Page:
Nursemaid’s elbow is a common injury seen in early childhood. It is also referred as pulled elbow because it occurs when a child’s elbow is pulled and partially dislocates. Medically this injury is called as radial head subluxation. This happens when a ligament slips out of place and gets caught between two bones of the elbow joint and cause the injury.
In young children, the bones and muscles are still developing. So, typically it takes very little force to pull the bones of the elbow partially out of place, making this injury very common. The age group which is most prone to it is between 1 to 4 years, but it can happen any time from birth up to 6 to 7 years old. This injury causes initial pain, the doctor will easily reset the elbow, quickly relieving any discomfort and restoring arm movement.
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The elbow is made up of humerus (upper arm bone) and radius and ulna (the two bones in the forearm) and the joint formed is called as elbow joint. On the inner and outer sides of the elbow, strong ligaments hold the elbow joint together and prevent dislocation.
The two joints in the elbow are –
- The humeroulnar joint between the ulna and humerus which allows the bending of the elbow.
- The radiocapitellar joint, made up of the radius and part of the humerus which allows rotation of the forearm so that the hand can be turned palm up or palm down.
Basically, the radiocapitellar joint is involved in nursemaid’s elbow and cause injury.
A Guide for Nursemaid’s Elbow in Children
It occurs when there is partial separation of the radiocapitellar joint. Because a young child’s ligaments – the strong tissues that attach bones to each other are not fully formed, even a mild force on the joint may cause it to shift or partially dislocate. The annular ligament which surrounds the radius and may be particularly loose in some young children, which leads to nursemaid’s elbow recurring over and over again.
Causes of Nursemaid’s Elbow in Children
The ligaments of the child are a bit loose, so it can be easy for a ligament in the elbow to slip into the joint and get stuck.
It can happen with just a small amount of force, for example –
- Pulling a child by the hands can put stress on the elbows, so never pick up by the hands or wrist but lift the child by the armpits properly.
- Swinging a child by holding the hands or wrists can put stress on the elbow joint and should be avoided for safety.
- Jerking an arm when pulling child along or quickly grabbing the hand can make the ligament slip. Always be gentle when taking a child by the hand.
- Breaking a fall by reaching an arm out for protection can overextend the elbow which cause ligament to slip.
- Rolling over in an awkward way in a crib, bed or on the floow can cause the injury in infants and very young
As the child gets older, the ligaments tighten. Most won’t get nursemaid’s elbow after turning 5 years old. Though it can happen up to age of 6 or 7 years. It is rarely causes by a fall. If a child injures the elbow when falling onto an outstretched hand or directly onto the elbow, it may be a broken bone rather that nursemaid’s elbow.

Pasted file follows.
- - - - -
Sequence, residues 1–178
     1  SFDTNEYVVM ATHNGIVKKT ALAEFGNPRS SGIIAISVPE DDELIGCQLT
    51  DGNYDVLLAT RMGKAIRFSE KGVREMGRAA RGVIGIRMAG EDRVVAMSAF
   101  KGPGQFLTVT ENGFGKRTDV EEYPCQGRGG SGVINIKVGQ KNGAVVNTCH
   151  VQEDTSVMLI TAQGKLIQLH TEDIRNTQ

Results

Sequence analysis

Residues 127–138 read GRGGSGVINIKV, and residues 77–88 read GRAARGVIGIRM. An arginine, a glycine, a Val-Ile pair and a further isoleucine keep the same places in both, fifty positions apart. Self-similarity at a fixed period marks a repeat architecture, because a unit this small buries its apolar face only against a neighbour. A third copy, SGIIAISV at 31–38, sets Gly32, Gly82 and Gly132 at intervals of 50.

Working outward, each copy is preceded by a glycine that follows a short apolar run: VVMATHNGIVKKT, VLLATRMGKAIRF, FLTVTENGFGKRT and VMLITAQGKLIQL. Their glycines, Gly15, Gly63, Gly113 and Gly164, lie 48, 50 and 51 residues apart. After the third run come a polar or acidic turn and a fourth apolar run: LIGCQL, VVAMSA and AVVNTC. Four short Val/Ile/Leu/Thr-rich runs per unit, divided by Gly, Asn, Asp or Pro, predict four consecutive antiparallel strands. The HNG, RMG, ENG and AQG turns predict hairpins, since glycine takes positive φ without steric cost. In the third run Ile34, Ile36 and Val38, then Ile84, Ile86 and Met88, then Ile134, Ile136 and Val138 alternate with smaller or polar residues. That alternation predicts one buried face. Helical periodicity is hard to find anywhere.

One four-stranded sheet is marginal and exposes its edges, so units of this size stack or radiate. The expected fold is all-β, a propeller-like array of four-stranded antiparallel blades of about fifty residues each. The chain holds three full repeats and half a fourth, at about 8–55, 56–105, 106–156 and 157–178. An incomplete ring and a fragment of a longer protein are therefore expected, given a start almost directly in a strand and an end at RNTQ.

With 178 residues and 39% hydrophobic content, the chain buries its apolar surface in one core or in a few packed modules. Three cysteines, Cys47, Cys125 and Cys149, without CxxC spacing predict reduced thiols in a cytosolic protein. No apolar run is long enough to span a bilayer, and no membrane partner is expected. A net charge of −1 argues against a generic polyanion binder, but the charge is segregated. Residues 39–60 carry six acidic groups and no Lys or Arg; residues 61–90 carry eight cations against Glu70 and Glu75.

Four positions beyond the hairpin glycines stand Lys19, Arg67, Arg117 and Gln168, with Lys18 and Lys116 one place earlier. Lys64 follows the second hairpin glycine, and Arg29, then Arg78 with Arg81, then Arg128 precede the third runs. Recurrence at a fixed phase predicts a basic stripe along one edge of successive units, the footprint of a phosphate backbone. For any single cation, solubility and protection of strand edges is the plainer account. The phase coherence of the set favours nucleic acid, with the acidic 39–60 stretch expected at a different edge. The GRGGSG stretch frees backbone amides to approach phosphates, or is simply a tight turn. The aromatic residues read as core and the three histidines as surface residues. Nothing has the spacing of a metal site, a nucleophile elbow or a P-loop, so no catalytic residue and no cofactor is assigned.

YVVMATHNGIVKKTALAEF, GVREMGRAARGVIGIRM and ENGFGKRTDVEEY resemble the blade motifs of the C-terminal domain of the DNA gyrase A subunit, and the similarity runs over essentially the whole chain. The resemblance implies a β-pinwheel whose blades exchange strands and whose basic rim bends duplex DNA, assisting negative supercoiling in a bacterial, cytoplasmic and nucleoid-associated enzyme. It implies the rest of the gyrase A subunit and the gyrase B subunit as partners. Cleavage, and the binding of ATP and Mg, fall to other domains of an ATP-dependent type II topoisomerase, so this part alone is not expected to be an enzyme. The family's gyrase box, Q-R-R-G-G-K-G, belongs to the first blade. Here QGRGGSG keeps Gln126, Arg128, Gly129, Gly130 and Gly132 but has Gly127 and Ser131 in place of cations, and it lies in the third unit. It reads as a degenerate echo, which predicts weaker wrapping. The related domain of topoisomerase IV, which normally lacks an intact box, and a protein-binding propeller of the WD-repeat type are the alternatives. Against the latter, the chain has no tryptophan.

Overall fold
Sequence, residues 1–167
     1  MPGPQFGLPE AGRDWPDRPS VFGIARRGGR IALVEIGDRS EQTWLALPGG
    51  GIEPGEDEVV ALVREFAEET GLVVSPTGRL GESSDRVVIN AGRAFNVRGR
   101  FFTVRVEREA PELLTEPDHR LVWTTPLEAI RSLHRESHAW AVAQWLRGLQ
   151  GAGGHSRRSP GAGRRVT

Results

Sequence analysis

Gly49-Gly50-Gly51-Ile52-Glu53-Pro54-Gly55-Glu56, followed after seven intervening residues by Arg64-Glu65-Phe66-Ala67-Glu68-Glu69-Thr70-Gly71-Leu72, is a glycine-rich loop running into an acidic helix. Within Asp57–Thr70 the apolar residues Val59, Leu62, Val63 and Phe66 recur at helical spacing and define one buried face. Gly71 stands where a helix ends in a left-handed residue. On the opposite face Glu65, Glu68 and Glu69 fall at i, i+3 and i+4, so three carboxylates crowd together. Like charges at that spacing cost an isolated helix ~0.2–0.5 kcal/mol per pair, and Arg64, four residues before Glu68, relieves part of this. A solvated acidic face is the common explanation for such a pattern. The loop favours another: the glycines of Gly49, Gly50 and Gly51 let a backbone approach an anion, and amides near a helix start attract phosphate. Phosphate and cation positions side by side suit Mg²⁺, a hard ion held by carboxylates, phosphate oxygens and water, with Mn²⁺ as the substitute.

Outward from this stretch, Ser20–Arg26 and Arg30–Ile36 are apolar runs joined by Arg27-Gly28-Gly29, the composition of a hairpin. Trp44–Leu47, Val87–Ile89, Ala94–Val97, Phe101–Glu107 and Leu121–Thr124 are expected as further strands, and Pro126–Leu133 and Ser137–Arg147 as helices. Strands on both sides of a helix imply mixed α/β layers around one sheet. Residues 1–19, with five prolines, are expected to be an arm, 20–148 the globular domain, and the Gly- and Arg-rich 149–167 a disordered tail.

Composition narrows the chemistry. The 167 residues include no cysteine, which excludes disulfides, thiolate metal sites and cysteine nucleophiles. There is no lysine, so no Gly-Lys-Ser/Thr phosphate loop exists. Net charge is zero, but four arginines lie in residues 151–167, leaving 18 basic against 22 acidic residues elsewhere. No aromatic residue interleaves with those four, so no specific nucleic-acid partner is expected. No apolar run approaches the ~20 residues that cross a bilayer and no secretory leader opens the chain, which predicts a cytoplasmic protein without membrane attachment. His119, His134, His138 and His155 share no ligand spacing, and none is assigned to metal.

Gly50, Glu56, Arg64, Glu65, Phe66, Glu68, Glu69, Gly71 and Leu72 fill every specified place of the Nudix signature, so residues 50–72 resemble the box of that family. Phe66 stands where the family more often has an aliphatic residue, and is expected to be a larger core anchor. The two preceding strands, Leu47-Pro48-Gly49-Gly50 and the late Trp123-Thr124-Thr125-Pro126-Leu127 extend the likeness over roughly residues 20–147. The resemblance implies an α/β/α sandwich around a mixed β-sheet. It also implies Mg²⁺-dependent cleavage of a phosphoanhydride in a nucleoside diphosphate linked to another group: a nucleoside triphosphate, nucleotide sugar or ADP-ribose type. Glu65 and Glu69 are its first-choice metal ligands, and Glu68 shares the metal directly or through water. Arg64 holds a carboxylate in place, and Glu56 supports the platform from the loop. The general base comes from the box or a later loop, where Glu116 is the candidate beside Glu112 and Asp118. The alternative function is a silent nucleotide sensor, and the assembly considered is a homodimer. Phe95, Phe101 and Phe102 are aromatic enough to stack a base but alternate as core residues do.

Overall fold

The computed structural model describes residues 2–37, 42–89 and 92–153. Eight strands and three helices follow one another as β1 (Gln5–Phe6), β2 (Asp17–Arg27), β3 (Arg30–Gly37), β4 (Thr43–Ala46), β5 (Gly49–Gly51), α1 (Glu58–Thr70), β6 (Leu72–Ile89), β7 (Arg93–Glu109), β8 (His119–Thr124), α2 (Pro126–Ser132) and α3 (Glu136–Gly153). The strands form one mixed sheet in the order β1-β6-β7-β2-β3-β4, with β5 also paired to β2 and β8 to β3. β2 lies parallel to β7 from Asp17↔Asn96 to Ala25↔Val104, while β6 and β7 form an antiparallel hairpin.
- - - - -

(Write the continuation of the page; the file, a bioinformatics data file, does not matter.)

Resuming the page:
Symptoms of Nursemaid’s Elbow in Children
Because moving the injured arm may be painful, the primary symptom of nursemaid’s elbow is that the child will hold the arm still on the side and refuse to bend or rotate the elbow or use the arm. A child will not use the injured arm because moving it is painful. It doesn’t cause deformity or swelling.
A doctor can typically make the diagnosis of nursemaid’s elbow based on how the injury occurred and the manner in which the child holds the arm. Although an x-ray image is not required for the doctor to diagnose nursemaid’s elbow.
Sometimes, it gets unstuck by itself in which a doctor gets the ligament back in place by doing a quick and gentle move of the arm.
Treatment of Nursemaid’s Elbow in Children
The doctor will gently move the bones back into normal position to correct the injury. This procedure medically is called as reduction and it takes only a few seconds. The doctor will hold the child’s wrist or forearm and turn the hand so that it faces palm up which may be painful. While putting pressure near the top of the radius bone with the thumb, the doctor will slowly bend the elbow. A faint pop or click sound may be heard when the joint goes back into place.
Sometimes, to relieve pain acetaminophen or ibuprofen is given.
Usually, no special tests are required to diagnose nursemaid’s elbow. X-rays are done only if fracture is present.
Prevention of Nursemaid’s Elbow in Children
Once a nursemaid’s elbow has occurred, there is a high likelihood of recurrence. For this reason as well as to prevent an initial occurrence, there are some guidelines that may prevent the injury –
- Safely lift the child and grasp gently under the arms.
- Do not lift the child by holding the hands or arms.
- Do not swing the child by holding the hands or arms.
- Avoid tugging or pulling on the child’s hands or arms.
Nursemaid’s elbow is a common injury in toddlers and preschoolers. It means the elbow is lipped form its normal position. Care and safety must be taken of the child while handling. Consult the doctor for the treatment if there is such injury.